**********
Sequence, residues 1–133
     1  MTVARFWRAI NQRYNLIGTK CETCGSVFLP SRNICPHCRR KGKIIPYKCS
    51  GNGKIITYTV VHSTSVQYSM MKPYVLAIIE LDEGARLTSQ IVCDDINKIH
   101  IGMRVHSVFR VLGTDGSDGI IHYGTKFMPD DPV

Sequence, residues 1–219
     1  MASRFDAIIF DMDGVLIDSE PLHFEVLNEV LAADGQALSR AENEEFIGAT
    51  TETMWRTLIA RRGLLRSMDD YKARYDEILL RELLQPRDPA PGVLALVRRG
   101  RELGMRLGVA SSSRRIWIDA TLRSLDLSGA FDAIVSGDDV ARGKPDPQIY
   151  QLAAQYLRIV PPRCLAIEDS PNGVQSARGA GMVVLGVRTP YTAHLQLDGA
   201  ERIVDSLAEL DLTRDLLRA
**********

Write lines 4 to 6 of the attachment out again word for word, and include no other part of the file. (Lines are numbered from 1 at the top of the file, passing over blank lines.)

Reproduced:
   101  IGMRVHSVFR VLGTDGSDGI IHYGTKFMPD DPV

Sequence, residues 1–219
     1  MASRFDAIIF DMDGVLIDSE PLHFEVLNEV LAADGQALSR AENEEFIGAT